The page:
In modern cryptography, asymmetric encryption schemes are used to exchange a shared key used by the symmetric encryption which is used for actual data encryption. This is because asymmetric encryption schemes require more processor resources and longer computational time compared with symmetric encryption. In another word, asymmetric encryption encrypts symmetric encryption key, symmetric encryption encrypts data.
You are right, there are some plain text while the parties try to establish a 'connection'. That is where the magic of the mathematics comes in, asymmetric encryption is based on the well-known mathematical difficult problems(ex. RSA based on big integer factorisation, Diffie-Hellman Key Exchange based on discrete logarithm problem, ECC is based on elliptic curves over finite fields problem). The properties of mathematical difficult problems have made the shared symmetric key safe even in the form of plain text. I suggest you start from Diffie-Hellman Key Exchange, Wikipedia has a fairly easy article to read(https://en.wikipedia.org/wiki/Diffie%E2%80%93Hellman_key_exchange).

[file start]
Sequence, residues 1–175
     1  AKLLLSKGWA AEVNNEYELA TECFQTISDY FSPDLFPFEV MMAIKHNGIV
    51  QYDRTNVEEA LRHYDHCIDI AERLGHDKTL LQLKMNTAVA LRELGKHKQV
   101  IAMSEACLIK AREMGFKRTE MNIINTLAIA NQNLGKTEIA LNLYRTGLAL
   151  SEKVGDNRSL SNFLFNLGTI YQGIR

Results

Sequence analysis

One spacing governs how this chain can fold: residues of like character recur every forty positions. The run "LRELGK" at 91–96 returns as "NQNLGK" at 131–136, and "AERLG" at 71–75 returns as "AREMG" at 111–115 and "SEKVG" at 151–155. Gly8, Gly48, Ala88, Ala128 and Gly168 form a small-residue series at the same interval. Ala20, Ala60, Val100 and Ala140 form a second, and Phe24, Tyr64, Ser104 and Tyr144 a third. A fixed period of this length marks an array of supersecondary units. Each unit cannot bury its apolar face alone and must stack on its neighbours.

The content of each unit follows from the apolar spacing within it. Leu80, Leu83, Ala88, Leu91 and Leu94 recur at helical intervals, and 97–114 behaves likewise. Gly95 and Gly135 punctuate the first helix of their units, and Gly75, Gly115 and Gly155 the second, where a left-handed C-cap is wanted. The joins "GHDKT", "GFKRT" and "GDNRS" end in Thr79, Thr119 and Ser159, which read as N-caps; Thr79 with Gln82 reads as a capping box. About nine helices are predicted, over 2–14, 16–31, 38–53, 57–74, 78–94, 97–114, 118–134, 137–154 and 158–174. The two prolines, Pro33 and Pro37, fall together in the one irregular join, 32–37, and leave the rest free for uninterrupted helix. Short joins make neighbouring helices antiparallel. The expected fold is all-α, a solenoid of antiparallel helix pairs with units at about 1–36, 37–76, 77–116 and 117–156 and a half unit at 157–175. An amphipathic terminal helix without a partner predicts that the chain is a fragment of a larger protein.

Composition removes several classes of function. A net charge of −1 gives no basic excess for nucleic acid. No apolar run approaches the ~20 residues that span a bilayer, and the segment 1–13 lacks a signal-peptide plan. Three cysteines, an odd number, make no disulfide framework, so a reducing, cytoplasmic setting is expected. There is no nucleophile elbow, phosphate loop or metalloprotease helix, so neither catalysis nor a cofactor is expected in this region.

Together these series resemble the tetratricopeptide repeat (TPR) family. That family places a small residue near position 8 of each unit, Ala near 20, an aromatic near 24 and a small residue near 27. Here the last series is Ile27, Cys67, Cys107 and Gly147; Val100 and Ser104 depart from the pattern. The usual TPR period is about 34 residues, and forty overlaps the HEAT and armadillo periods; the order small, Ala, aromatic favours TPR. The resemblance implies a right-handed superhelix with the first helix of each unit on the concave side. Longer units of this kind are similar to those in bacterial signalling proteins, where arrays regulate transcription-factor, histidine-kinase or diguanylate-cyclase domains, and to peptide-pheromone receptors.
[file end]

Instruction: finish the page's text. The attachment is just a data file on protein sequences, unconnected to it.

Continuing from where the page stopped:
If you want to learn cryptography from scratch, I suggest the book called "Introduction to Modern Cryptography, Second Edition By Jonathan Katz" for you, it involves most modern cryptography technologies and easy to understand even for a beginner.